From an article I wrote in The National newspaper, published February 2010
In today’s money-orientated world, many parents consider it important to teach their children how to be financially aware and responsible.
Too many young adults get into financial difficulties, so the sooner children understand the basics the better. They are generally curious about money from an early age, so it’s a good idea to take advantage of this natural tendency.
The teaching can start when they are relatively young with the concept of earning and spending money. The basics of mummy and daddy working to earn money that pays for their home, food, toys and schooling can be explained as they simply need to understand the connection.
It’s a good idea to get them used to different coins and notes once they can read numbers, and it helps with mathematics, too. Children like to copy their parents, so encouraging them to understand prices and values should be relatively easy. Take them shopping with you and encourage them to compare prices for different brands of the same item. It’s an unusual child who doesn’t like sweets and most will soon become interested in working out which offers the best value for the Dirhams in their pocket.
It can become a game, especially when related to things they like. Gradually, what seems to be a game becomes an important lesson.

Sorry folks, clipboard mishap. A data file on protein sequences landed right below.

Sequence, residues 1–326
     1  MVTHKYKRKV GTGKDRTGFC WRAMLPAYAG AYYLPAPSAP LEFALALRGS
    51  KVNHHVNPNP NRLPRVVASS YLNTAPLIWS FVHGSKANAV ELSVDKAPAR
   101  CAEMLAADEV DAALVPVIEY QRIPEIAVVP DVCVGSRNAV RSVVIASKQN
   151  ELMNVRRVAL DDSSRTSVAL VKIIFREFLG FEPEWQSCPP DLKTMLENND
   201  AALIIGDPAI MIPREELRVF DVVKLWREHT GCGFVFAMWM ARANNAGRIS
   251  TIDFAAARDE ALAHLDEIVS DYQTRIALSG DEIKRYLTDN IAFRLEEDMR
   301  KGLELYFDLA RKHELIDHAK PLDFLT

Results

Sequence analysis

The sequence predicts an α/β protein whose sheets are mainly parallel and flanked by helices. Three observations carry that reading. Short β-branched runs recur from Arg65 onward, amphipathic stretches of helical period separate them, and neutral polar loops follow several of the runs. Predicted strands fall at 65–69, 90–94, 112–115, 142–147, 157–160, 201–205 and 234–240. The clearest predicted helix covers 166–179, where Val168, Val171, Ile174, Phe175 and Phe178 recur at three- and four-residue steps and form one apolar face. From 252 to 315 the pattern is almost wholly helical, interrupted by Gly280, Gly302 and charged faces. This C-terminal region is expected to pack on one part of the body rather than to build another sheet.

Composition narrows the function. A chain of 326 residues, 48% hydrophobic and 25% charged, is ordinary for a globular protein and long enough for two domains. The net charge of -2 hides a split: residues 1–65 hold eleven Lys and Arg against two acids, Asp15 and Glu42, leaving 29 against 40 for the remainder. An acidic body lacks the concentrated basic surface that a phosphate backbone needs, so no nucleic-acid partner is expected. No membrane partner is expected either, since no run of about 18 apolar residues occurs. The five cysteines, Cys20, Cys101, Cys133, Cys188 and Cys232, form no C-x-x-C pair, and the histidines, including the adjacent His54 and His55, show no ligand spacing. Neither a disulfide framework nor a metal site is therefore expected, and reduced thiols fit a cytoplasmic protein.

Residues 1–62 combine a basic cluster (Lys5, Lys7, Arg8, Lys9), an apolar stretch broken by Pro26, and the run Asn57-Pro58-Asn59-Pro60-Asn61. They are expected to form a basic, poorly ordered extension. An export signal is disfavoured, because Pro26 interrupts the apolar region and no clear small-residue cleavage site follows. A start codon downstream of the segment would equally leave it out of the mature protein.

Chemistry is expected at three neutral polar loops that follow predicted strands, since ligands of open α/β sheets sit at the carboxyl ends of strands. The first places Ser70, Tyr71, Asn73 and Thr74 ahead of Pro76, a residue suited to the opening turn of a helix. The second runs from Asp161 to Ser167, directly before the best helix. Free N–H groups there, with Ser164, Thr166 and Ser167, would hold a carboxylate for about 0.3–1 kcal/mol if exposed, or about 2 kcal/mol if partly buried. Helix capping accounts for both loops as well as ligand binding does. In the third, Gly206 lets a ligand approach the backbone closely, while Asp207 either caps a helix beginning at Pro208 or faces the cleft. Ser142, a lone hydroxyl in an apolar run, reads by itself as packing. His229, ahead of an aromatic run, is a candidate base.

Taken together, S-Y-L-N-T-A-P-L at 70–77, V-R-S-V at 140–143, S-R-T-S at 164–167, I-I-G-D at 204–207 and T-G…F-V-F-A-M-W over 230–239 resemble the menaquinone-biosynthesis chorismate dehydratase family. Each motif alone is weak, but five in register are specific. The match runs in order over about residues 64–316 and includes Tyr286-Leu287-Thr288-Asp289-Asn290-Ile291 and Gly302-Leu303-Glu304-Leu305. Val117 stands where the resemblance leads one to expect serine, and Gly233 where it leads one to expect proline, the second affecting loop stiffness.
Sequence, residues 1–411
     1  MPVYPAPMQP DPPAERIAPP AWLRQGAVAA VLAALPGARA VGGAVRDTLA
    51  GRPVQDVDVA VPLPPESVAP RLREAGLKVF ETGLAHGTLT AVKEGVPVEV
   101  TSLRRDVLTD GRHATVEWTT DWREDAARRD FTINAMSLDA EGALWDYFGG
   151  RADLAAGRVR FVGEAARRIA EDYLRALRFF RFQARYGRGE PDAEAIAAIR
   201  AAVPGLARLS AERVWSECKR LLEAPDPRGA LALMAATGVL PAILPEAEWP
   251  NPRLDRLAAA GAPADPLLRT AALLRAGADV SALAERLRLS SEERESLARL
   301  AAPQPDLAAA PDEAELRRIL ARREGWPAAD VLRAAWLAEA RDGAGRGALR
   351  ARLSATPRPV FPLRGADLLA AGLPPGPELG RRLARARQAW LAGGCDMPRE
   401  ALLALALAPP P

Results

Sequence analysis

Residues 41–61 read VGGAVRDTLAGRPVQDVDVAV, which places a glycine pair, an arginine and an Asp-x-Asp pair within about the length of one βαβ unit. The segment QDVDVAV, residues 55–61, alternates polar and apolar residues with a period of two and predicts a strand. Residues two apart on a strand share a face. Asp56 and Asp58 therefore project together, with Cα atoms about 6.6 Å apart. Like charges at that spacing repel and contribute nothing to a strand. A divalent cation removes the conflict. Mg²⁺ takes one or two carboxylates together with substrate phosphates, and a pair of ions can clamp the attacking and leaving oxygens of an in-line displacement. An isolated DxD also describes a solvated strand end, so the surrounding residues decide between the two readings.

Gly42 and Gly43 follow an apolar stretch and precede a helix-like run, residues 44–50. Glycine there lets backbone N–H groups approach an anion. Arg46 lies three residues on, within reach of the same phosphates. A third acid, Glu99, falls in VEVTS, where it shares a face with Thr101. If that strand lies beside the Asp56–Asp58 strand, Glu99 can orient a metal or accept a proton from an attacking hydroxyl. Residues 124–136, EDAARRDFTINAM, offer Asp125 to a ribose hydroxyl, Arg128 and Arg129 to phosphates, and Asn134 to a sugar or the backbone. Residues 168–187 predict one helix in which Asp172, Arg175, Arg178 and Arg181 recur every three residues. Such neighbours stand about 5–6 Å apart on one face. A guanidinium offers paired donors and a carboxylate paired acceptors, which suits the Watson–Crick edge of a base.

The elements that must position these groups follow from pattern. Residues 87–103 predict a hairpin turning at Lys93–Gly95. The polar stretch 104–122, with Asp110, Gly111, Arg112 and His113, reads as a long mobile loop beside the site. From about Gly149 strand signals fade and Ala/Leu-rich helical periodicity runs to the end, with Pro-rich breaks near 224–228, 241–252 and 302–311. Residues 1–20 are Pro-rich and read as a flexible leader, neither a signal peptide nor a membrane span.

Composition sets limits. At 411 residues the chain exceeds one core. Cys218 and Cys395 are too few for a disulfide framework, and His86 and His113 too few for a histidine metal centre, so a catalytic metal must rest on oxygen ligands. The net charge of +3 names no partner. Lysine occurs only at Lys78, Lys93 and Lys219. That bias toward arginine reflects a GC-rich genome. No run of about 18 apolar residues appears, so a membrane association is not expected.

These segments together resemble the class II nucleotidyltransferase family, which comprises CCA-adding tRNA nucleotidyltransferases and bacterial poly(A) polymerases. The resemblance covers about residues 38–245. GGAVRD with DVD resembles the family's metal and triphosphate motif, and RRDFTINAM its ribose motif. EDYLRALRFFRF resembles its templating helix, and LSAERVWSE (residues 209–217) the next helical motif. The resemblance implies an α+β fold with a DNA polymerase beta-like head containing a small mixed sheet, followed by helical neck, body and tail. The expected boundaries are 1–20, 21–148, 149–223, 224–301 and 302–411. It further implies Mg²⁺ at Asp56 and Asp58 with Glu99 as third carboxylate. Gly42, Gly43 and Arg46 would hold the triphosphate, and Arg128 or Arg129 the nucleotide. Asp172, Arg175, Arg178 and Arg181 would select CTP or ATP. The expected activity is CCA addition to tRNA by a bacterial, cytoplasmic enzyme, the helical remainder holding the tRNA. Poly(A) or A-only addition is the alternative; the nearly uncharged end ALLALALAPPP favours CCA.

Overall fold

When using credit cards, parents should explain that these transactions represent real money, and they are not a magic way of spending without consequences.
Most parents give their children pocket money, but it is important that it be valued, rather than taken for granted; a reward, not an expectation. Even from around age four, pocket money can be paid as a reward for simple tasks, such as putting away toys or helping with housework.
Give your child their own money box and praise them for putting money aside to pay for treats. They can then save up to buy things that they want, with the theory being that the effort involved will endow the item bought with more value. Praise for their efforts is essential and this soon becomes a habit. As the child gets older it is normal for amounts of pocket money to increase, but so can the chores required.
Children do not generally take a long-term view on life, and actual investing – that is, into equity markets, stocks, bonds, shares and the like – is too difficult a concept to grasp, particularly the angle of risking capital.
What does make sense, however, is opening a bank account in the child’s name. Few banks in the UAE offer specific children’s accounts, and they may be missing a trick here. Others will allow accounts to be opened for the children of existing account holders, which means that it is nominally in their name, but requires the assistance of the parent for any transactions. Nevertheless, the child can monitor account balances and make transactions just like an adult.
Hopefully there will be more deposits than withdrawals, and these will develop into a good long-term habit.